Two days ago, Sen. Mark Kirk tweeted that the Fatah-Hamas unity government would put the Palestinian Authority’s U.S. aid at risk, and this morning his office followed up by emailing a memo outlining the legal implications of the deal.
Kirk, along with Rep. Nita Lowey, helped to author the restrictions on U.S. assistance to the PA, and he writes that under the Section 1107 provision of the 2009 Supplemental Appropriations Act, no U.S. funds may be provided for:
1) salaries of personnel of the Palestinian Authority located in Gaza;
2) assistance to Hamas or any entity effectively controlled by Hamas; or
3) any power-sharing government of which Hamas is a member, unless the President certifies to Congress that “such government, including all of its ministers or such equivalent, has publicly accepted and is complying with” the core requirements of the Palestinian Anti-Terrorism Act of 2006, which are:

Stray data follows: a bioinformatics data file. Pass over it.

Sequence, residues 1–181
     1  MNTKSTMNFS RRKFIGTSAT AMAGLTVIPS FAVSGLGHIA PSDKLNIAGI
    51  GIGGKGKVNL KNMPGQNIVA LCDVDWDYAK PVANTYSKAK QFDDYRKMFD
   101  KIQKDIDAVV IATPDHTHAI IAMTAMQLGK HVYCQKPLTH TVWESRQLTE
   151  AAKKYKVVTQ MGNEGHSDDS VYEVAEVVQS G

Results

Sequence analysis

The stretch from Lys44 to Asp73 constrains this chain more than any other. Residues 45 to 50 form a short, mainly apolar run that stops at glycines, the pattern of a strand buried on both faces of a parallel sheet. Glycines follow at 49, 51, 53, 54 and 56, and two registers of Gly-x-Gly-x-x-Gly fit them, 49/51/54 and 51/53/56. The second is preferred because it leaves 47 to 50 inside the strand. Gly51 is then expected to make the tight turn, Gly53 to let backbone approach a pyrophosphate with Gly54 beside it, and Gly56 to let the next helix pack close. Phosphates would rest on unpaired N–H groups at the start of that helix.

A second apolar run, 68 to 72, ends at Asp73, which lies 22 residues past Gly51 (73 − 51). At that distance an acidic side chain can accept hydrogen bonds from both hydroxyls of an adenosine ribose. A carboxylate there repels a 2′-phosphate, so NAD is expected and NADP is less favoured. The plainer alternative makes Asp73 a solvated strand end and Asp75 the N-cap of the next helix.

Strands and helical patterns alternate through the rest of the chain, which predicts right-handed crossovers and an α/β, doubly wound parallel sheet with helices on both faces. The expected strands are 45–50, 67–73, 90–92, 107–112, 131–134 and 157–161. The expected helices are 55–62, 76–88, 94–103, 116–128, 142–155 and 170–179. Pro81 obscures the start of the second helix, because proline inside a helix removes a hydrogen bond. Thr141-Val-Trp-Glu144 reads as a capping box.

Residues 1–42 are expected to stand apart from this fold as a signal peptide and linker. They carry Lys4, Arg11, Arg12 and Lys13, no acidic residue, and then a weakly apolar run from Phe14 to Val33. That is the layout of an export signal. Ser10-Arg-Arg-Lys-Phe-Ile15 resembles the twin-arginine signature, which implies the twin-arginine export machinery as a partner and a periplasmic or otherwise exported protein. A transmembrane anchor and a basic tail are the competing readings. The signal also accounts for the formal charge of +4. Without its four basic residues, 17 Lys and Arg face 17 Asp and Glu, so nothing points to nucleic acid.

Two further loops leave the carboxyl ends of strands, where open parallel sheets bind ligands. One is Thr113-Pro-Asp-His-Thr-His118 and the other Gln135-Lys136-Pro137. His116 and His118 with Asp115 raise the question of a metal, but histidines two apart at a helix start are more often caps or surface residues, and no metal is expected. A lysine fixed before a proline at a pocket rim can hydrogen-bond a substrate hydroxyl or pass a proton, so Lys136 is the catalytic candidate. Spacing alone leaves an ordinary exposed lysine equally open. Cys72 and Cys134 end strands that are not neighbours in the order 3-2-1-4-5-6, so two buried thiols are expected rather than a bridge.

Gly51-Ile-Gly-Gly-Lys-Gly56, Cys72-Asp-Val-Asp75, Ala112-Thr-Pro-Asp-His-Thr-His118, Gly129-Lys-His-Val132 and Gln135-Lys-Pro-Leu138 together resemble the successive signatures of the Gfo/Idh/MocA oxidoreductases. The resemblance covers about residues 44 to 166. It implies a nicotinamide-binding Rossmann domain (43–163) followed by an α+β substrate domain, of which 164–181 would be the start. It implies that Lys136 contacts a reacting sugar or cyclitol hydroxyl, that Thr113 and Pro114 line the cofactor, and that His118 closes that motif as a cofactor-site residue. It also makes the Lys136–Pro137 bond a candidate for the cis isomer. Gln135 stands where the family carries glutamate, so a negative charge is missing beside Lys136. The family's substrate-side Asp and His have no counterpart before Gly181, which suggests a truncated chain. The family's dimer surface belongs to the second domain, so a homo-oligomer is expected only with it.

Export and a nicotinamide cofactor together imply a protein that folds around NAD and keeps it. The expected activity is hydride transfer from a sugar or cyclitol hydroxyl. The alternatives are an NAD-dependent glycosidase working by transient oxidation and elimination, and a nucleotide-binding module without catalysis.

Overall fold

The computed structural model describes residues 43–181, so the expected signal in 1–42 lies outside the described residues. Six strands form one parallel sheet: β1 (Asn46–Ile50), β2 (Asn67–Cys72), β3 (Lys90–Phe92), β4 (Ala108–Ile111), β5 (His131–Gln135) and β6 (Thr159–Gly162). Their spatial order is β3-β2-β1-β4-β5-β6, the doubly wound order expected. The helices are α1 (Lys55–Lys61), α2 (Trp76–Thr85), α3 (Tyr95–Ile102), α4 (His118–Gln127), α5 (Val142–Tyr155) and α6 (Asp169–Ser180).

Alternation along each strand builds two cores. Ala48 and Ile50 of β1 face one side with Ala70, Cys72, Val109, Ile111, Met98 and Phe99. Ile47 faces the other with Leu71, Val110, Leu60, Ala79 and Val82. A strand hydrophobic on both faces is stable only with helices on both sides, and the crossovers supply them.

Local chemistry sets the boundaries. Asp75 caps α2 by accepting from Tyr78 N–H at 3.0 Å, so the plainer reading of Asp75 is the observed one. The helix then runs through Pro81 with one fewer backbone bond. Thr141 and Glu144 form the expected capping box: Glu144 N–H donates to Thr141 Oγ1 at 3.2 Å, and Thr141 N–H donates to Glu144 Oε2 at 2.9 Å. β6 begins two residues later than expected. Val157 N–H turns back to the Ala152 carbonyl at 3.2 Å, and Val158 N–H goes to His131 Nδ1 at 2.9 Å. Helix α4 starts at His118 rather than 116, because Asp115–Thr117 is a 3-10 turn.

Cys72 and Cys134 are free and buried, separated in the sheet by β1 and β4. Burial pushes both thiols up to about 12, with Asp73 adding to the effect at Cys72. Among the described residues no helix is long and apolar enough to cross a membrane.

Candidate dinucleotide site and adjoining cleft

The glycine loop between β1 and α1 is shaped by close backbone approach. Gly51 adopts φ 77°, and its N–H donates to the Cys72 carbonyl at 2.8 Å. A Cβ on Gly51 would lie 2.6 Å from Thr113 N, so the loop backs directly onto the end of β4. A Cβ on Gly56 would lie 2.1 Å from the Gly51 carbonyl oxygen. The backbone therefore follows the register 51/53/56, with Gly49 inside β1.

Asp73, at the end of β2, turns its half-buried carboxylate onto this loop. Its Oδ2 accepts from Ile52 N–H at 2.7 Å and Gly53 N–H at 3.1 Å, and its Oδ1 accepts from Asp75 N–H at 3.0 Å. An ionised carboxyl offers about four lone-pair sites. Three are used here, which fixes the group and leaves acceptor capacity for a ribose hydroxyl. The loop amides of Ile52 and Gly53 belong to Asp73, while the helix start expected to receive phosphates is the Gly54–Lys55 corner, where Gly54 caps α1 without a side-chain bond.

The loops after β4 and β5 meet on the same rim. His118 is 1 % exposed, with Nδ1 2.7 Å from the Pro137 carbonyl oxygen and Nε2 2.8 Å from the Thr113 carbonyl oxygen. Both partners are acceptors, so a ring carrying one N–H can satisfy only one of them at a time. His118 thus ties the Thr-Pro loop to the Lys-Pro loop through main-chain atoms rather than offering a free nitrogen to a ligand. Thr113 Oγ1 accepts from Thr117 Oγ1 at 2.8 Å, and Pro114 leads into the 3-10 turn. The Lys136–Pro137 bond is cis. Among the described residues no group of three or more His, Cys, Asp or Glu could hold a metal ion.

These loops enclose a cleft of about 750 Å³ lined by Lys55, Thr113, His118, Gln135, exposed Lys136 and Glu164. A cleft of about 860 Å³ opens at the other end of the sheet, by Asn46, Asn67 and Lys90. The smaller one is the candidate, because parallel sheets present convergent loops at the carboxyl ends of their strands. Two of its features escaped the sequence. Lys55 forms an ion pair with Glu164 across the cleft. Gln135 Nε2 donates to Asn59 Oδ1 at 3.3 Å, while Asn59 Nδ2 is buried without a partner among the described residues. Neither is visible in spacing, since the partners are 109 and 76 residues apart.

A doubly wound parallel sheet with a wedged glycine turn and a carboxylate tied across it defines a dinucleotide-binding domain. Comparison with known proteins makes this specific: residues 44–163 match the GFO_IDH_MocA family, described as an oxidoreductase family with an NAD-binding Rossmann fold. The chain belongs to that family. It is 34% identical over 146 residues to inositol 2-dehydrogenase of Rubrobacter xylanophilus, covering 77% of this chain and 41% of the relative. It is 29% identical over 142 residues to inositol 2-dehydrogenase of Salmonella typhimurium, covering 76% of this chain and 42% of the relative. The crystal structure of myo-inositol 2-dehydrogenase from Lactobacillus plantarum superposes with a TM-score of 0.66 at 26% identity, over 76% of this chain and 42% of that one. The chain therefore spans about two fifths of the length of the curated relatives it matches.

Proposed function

a. publicly acknowledging the Jewish state of Israel’s right to exist; and
b. committing itself/themselves and adhering to all previous agreements and understandings with the United States Government, with the Government of Israel, and with the international community, including agreements and understandings pursuant to the Performance-Based Roadmap to a Permanent Two-State Solution to the Israeli-Palestinian Conflict (commonly referred to as the ‘Roadmap’)
Based on this language, Congress clearly would have no choice but to cut off aid to a Fatah-Hamas unity government. Moreover, Hamas has (unsurprisingly) shown that it has no plans to adhere to the Palestinian Anti-Terrorism Act of 2006. If there was any doubt about this, Hamas Prime Minister Ismail Haniyeh called on Fatah today to renounce its recognition of the state of Israel.